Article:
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Ramsey Lewis Trio
The 'In' Crowd
Ramsey Lewis Trio
The 'In' Crowd
Detroit was a hip mid-'60s destination. That's where Los Angeles-based singer Dobie Gray found the inspiration for The 'In' Crowd. "I was with Monti Rock III, doing some touring on a record called 'Look At Me,' which was a regional success in places, mainly back east and some out in Texas," he says. "We had done a TV show and wanted to go out that night. We got into a cab, and we asked what's happening, and the cab driver said, 'Well, the in crowd is over at the 20 Grand, where Aretha Franklin is playing!' So we went over there, but that phrase sort of stuck in my mind. And when I got back to town, I got together with Billy Page, laid that title on him, and he wrote the song. His brother Gene Page arranged the whole thing." Texas-born Dobie'sThe 'In' Crowd, out on the Charger imprint, jumped to #11 R&B and #13 pop in early '65.
Meanwhile, The Ramsey Lewis Trio was specializing in a swinging brand of jazz that was uncommonly accessible to the mainstream. Born in Chicago on May 27, 1935, Lewis joined a dance septet, The Cleffs, in his mid-teens. That's where he first met bassist Eldee Young and drummer Isaac 'Red' Holt. They eventually branched off on their own, and with the help of local deejay Daddy-O Daylie, the Trio cut the first of their many albums for Chess's Argo subsidiary in 1956. "We all liked different kinds of music," says Lewis. "Not just from the jazz repertoire. We loved everything from the jazz repertoire, but we all came up in Chicago, and Chicago's always been into the blues." Their funky instrumental treatment of Chris Kenner's Something You Got first propelled the trio onto the pop charts in 1964. It wouldn't be their last trip there.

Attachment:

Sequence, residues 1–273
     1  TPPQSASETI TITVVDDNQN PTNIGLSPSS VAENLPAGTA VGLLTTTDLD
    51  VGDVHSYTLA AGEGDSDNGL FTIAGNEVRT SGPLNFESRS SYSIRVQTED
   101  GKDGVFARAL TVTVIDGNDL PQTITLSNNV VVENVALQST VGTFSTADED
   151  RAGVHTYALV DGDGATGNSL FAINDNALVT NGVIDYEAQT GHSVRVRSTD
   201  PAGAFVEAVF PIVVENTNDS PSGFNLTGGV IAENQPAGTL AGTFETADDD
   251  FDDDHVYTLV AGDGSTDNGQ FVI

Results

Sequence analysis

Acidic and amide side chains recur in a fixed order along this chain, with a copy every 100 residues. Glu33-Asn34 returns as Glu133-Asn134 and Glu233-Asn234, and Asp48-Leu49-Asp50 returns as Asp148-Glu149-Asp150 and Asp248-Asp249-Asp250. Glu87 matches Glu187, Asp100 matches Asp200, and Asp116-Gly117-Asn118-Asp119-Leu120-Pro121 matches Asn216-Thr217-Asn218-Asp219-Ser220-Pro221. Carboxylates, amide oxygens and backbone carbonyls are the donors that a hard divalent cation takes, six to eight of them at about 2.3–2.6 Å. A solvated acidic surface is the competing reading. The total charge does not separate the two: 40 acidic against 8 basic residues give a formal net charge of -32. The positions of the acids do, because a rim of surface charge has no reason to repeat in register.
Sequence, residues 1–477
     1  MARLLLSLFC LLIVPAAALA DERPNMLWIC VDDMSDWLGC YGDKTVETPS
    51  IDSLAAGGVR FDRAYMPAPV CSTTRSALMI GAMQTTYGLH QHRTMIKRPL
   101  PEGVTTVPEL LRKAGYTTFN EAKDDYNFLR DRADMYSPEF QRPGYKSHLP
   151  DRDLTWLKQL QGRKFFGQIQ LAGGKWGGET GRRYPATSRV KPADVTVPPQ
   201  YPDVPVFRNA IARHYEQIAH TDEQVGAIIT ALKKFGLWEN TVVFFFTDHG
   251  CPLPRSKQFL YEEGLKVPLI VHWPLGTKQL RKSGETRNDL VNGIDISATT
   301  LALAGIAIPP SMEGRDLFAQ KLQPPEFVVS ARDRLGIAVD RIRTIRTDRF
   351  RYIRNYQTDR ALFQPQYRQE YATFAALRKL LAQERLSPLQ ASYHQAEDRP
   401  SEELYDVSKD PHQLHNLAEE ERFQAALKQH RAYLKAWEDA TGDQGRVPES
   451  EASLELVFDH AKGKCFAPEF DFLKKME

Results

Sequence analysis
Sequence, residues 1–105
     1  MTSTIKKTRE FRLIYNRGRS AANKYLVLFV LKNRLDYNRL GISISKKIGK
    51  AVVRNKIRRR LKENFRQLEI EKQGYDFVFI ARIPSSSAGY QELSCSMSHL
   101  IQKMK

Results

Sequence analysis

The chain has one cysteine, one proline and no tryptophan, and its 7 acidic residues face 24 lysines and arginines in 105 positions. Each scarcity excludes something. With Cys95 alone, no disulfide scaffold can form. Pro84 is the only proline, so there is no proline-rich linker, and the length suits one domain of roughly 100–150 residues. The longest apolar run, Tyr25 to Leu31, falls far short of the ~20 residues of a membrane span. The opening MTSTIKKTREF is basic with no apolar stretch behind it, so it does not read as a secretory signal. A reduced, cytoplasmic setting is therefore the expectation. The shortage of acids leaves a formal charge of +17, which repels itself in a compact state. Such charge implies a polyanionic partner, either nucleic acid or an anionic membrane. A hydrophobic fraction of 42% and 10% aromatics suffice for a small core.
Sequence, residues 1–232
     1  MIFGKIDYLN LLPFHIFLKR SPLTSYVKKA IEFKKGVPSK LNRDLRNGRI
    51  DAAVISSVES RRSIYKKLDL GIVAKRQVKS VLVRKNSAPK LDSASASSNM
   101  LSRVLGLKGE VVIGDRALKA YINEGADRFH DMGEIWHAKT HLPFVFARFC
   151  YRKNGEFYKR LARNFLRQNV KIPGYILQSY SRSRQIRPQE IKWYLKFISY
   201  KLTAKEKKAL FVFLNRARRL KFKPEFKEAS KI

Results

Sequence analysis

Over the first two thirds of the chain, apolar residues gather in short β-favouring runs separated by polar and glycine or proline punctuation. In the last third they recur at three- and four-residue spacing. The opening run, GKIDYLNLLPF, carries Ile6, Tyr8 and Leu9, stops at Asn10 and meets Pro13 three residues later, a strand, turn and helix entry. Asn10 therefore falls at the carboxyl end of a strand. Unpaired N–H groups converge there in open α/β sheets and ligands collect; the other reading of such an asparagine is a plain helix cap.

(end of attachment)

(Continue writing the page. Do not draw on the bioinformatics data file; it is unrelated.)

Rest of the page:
"'The 'In' Crowd" was suggested to us by a waitress in Washington, D.C. We were sitting in this coffee shop. And we had put together all the songs that we needed for this album that we were going to record live at the Bohemian Caverns. But then somebody said, 'Yeah, but we don't have what we call a fun song. We don't have like a dance tune, or a happy tune in there,'" says Ramsey. "She said, 'Have you heard Dobie Gray sing "The 'In' Crowd"'? I hadn't; Eldee and Red had. 'We've got it on the jukebox!' That was in the days when they had jukeboxes in the coffee shop. She played it, and I said, 'Yeah, that'll work. It's fun, it's easy.' We bought the 45 and took it to the hotel-–we always brought our portable phonograph with us-–played it, learned it.
"We didn't think a lot of it. We really figured that at the end of the set we'd play this thing, and people would maybe laugh or chuckle," he says. "We recorded Thursday, Friday, and Saturday. We played it once or twice every night, and every time we played it, the crowd just went bananas. But even then, I didn't think much
"Leonard Chess didn't even think to make a single of it. He just put the album out. He called me--I was in Detroit at the time, it was in the late summer--and he said,
'I think you guys got a hit record!'" It was a #5 pop/#2 R&B smash, bettering Gray's original by a wide margin. "A lot of people came up to me and said, 'I was never into jazz until I heard or bought 'The 'In' Crowd,''" Lewis says. The Trio's treatment of The McCoys' Hang On Sloopy did nearly as well a few months later.
- Bill Dahl -
Various - Sweet Soul Music
Various - Sweet Soul Music 30 Scorching Classics From 1965
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